Christopher Nolan will make his next movie with Universal after falling out with Warner Bros.
- Universal has landed
Christopher Nolan's next movie. Warner Bros.has been involved with all of Nolan's films for nearly two decades, until now.
- Nolan was critical of Warner Bros.' decision to release its movies this year to theaters and HBO Max simultaneously.
Filmmaker Christopher Nolan is ending his nearly 20-year partnership with Warner Bros.
Universal will finance and release the "Tenet" director's next film, Universal confirmed to Insider on Tuesday. Deadline was the first to report the news. The movie will be about J. Robert Oppenheimer and the making of the atom bomb. It will have a $100 million production budget, according to Variety.
Warner Bros. has been involved in some capacity with all of Nolan's films since 2002's "Insomnia," including last year's "Tenet." But Nolan was critical of parent company WarnerMedia's decision to release all of its 2021 films simultaneously in theaters and on the streaming service HBO Max.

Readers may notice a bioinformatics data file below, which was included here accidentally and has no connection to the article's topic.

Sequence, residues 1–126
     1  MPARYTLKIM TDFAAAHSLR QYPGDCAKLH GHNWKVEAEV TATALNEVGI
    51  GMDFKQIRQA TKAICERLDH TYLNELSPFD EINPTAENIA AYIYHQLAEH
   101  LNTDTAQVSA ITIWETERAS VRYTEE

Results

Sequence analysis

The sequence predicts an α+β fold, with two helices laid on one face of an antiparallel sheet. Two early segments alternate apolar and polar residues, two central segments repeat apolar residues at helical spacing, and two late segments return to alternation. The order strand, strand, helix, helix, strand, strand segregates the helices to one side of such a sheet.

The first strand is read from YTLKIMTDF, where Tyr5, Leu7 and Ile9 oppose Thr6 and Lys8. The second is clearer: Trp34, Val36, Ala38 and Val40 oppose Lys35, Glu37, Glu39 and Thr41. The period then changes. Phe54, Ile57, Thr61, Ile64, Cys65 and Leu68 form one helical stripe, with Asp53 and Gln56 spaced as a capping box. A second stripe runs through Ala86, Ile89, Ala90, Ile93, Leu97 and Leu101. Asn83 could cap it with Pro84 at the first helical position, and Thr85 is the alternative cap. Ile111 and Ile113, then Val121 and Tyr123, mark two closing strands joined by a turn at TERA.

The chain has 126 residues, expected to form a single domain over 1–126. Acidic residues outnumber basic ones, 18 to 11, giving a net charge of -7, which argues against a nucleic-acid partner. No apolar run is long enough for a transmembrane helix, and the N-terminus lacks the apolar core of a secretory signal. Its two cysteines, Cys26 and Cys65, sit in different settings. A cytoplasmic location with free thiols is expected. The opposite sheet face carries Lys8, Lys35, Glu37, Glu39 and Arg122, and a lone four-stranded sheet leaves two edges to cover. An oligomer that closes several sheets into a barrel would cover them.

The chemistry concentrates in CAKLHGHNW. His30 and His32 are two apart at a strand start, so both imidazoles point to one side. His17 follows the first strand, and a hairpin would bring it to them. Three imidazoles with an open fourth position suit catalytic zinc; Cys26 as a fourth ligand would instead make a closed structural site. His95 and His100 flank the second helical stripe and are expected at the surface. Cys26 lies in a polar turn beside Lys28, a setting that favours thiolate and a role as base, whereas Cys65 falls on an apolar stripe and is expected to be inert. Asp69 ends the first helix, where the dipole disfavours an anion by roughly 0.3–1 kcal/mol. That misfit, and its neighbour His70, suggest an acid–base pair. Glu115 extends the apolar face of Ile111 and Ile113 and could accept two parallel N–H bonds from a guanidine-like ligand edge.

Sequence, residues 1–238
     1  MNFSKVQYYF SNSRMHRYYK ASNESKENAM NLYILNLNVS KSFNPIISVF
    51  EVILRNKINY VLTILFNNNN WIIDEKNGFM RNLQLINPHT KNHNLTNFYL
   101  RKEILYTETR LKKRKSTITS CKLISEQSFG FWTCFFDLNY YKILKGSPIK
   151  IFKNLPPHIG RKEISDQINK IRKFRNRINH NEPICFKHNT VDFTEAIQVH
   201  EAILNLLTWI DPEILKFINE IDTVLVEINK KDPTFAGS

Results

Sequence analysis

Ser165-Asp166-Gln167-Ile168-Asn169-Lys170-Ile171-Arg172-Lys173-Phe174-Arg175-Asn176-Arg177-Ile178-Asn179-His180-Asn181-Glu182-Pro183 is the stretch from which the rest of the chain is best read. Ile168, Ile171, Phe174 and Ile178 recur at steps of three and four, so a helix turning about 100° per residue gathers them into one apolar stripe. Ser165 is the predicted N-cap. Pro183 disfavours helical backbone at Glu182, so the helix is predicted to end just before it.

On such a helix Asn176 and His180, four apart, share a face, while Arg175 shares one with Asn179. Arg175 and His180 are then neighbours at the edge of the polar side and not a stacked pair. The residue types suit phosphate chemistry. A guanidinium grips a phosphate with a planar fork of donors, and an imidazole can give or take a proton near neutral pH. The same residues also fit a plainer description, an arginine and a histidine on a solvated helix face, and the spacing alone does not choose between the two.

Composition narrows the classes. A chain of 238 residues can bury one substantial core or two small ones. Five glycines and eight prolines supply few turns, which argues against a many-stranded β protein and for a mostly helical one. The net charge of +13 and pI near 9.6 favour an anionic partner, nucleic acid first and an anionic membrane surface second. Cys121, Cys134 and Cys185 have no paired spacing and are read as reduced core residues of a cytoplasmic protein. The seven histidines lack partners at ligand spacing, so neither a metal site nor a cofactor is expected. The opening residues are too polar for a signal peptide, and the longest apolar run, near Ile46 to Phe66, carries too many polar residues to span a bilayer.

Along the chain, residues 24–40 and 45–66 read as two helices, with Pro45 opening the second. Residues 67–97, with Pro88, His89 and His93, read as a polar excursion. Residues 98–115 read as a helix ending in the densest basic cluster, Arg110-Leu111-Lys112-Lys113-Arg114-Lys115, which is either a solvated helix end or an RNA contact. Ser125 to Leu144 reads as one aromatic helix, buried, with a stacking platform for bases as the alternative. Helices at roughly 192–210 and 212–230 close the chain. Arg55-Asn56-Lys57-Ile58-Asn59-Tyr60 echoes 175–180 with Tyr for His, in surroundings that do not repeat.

"Some of our industry's biggest filmmakers and most important movie stars went to bed the night before thinking they were working for the greatest movie studio and woke up to find out they were working for the worst streaming service," he told The Hollywood Reporter.
Speculation has swirled since then that Nolan, who is a vocal supporter of movie theaters, would take his next film to another studio.
Netflix even threw its hat in the ring. The company's film chief Scott Stuber told Variety that the streaming giant had been having conversations with Nolan to land his next movie.
"If and when he comes up with his new movie, it's about: Can we be a home for it, and what would we need to do to make that happen," Stuber said. "He's an incredible filmmaker. I'm going to do everything I can. In this business, I've learned you need to have zero ego. I get punched and knocked down and get back up."
Netflix has attracted other high-profile filmmakers like Martin Scorsese and Spike Lee, and has shown its willing to give movies exclusive theatrical releases before they are available to stream.
But Universal, which has been committed to shortened but exclusive theatrical windows during the pandemic - save for a few key releases such as the upcoming "Halloween Kills" - won out in the end.
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